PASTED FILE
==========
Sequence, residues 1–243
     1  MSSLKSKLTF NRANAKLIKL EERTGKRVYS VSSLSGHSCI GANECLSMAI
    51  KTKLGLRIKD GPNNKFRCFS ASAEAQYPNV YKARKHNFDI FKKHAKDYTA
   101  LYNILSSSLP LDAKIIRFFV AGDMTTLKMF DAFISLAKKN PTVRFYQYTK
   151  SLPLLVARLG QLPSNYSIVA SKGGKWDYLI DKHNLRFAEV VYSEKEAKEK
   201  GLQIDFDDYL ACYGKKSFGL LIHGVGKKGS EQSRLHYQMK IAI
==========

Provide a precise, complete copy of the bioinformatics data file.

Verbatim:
Sequence, residues 1–243
     1  MSSLKSKLTF NRANAKLIKL EERTGKRVYS VSSLSGHSCI GANECLSMAI
    51  KTKLGLRIKD GPNNKFRCFS ASAEAQYPNV YKARKHNFDI FKKHAKDYTA
   101  LYNILSSSLP LDAKIIRFFV AGDMTTLKMF DAFISLAKKN PTVRFYQYTK
   151  SLPLLVARLG QLPSNYSIVA SKGGKWDYLI DKHNLRFAEV VYSEKEAKEK
   201  GLQIDFDDYL ACYGKKSFGL LIHGVGKKGS EQSRLHYQMK IAI